The quinoa’s absorbency is probably part of the reason this works so well, that’s why I coupled it with the flaxseed, the ground flax providing hold as well as holding more moisture. The baking time is quite long. It can take up to an hour for a large loaf, though I prefer this in small loves as this does have a crusty exterior, not very thick, but very contrasting to the interior. It can be cut warm if you’d like, but I let it cool as it’s much nicer when fully cooled. The one thing that makes this even more special is that it can be toasted and when toasted, or fried in oil or butter, the bread become so crunchy, there’s just a slight bit of spongy bread left inside a crisp shell. I’ve never made another free-from bread that does this. It can even make French Toast with ease. If Buckwheat is a healthy cornerstone then this skirts the edge of unhealthy, the bread itself is wholesome, but some of its better applications will involve butter, lots of butter. For the more health conscious you’ll be pleased to know that even plain this is delicious, there’s a taste that’s unique to the quinoa flour. I have found roasted flour will result in the best flavour. It pairs extremely well with eggs for some reason. As with most of my breads it freezes perfectly.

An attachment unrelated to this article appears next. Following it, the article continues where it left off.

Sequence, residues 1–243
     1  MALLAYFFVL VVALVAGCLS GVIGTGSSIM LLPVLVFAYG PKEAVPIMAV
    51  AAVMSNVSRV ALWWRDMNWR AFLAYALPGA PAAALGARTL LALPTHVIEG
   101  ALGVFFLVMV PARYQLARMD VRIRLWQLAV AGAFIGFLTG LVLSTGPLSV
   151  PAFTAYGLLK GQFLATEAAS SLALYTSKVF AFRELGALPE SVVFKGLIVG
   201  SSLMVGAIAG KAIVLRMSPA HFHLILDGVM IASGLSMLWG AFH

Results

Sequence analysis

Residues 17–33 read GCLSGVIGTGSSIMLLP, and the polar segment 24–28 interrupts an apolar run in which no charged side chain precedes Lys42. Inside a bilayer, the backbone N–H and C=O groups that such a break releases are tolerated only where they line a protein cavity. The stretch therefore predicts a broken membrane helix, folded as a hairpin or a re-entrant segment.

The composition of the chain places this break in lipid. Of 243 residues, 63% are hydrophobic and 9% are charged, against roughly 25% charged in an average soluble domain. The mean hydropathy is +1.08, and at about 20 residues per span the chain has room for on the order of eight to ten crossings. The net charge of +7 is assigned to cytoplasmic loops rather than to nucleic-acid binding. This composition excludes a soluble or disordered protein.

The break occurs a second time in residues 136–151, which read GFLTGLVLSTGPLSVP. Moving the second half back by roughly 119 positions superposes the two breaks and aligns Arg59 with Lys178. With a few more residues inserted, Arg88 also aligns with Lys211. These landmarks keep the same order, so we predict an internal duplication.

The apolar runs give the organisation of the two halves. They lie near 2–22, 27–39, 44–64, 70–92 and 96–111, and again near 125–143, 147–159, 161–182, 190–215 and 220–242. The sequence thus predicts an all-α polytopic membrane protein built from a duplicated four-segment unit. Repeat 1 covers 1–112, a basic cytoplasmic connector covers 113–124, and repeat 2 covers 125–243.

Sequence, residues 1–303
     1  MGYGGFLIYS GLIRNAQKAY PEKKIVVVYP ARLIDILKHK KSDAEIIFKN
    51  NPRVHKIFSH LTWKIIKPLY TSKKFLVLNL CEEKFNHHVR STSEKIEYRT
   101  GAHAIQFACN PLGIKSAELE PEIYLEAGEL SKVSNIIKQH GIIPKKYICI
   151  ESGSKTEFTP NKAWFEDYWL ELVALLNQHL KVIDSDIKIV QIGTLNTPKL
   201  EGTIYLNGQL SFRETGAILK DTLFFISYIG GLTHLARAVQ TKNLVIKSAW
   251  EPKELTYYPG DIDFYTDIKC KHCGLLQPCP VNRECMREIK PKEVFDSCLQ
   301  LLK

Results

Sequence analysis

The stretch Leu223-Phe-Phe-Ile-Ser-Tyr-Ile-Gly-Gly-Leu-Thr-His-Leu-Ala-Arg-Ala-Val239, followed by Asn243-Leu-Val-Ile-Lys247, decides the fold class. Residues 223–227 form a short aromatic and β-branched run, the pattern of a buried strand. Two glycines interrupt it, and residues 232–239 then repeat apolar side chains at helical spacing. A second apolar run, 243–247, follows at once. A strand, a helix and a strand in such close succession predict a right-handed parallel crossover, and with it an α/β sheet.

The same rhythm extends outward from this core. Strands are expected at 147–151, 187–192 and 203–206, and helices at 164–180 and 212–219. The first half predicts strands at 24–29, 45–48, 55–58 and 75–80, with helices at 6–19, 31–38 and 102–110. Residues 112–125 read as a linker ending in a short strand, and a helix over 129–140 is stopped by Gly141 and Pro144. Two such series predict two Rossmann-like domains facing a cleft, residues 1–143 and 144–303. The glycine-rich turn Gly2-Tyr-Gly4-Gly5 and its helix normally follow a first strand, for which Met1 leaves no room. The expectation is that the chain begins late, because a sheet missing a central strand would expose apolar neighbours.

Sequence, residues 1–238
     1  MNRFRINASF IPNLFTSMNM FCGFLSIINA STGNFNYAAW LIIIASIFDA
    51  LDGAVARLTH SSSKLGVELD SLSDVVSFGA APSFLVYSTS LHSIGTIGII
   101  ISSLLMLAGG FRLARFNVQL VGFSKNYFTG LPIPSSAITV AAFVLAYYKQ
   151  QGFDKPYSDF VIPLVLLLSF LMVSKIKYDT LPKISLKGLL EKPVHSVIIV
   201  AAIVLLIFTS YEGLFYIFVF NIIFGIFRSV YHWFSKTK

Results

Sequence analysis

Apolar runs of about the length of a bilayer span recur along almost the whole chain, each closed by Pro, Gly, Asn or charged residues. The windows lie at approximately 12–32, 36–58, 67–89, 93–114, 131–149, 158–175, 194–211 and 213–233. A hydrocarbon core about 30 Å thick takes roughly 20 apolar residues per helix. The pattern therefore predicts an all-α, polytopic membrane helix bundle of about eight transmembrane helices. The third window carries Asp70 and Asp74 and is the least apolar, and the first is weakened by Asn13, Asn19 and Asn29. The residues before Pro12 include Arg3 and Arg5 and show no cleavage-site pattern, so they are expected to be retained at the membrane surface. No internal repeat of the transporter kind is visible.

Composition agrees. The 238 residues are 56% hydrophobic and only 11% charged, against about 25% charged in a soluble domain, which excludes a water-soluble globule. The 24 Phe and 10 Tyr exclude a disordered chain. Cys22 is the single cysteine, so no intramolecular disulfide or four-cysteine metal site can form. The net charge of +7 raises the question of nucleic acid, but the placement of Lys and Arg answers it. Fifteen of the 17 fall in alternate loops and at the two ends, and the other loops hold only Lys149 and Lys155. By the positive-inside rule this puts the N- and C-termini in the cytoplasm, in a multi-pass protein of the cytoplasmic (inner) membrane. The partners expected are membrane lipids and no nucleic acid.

So, that’s al I can say about this bread. As quinoa flour can be more expensive I do tend to use it sparingly. It’s what’s often referred to as a comfort food for me. A long week, filled with food preparation, can be finished with a few slices toasted and topped with some poached eggs. It’s further proof that we sometimes only see the tip of what’s possible with free-from baking. I don’t claim to be a stand-out, or an exceptional individual, I just like to see what these flours can do and quinoa has proven itself second only to buckwheat. There are numerous quinoa flour recipes here, but I return to this one the most. Maybe you’ll give it a try and it’ll be a favourite of yours too. I’ll see you next week.


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Peace.

Quinoa Flour Crumble

 photo WP_20170427_005_e_zpsi5nhnts8.jpgDisposable trays are great for crumble.